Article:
Technology: the only way to be a wizard if Hogwarts won't have you.

Annalee Newitz's Digg-rigging experiment

Date/Time Permalink: 03/02/07 09:13:55 am
Category: General

Call this "News about the news about the news". Annalee Newitz (the only person with a job at Wired whom I respect) published the results of a hilarious stunt in which she deliberately threw together a mediocre blog (though not as bad as some I've seen out there), then paid a voting outfit to make her blog's link rise to the front page of Digg... then published the results in her Wired column.

Pause: Annalee Newitz! What a hoot! What a desperado! A stunt after my own heart.

The second half of this story is the reaction: TechCrunch carries a story saying that Digg should sue Wired! Based on the idea that Wired owns Digg competitor Reddit. But co-relation does not equal causation: I think both Wired and Digg suck with equal negative PSI, and I'm not on the payroll of either entity, so now what? And anyway, sue for what? It's a true story.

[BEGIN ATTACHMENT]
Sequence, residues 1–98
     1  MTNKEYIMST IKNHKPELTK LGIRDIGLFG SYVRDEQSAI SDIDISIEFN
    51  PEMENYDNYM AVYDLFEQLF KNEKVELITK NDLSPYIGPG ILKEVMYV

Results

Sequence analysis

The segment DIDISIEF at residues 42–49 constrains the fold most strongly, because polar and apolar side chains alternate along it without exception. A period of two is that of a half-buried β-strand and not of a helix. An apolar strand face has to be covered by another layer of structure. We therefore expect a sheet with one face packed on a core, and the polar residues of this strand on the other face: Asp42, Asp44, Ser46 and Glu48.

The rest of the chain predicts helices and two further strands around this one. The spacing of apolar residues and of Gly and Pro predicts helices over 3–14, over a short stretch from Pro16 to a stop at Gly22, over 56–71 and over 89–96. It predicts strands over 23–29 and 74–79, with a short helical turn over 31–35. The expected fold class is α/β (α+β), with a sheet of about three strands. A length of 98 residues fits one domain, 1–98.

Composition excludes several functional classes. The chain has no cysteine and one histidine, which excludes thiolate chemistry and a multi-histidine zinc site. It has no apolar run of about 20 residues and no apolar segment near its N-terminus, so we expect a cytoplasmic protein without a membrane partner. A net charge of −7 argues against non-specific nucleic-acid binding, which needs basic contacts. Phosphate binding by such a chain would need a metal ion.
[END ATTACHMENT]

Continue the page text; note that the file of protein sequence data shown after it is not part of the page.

TechCrunch's Mike Arrington, according to Wikipedia, "has had to deal with numerous claims of conflict of interest because TechCrunch has a financial or personal interest in many of the companies featured...". So, anyway, woof, woof woof!

As if *any* social bookmark site were different? The real world is like that; show me a popularity contest and I'll show you somebody behind the scenes pulling the strings - with or without the consent of the contest owners.

The irony part is that anybody who pays to get their site to the front page (unless it's an experiment) is a chump in the first place: Annalee had to spot $450 to do this (she got most of it back as a buried-story refund). My site has made visits to the front page of Digg a couple of times (organically - to my knowledge) and there's no way I'd pay a measly banana peel for the experience. It's nice to have visits, especially if they make some interesting comments, but paying for it is buying love. There is no combination if in-your-face ads that I could conceive of to run on a page that would make it worth paying $450 to have Digg traffic click on it.

Lots of Internet-based schemes work that way: W.C. Fields "You can't cheat an honest man." and all that. Everything from vote-buying to spamming is sold to suckers who think they'll be able to see a return on it.

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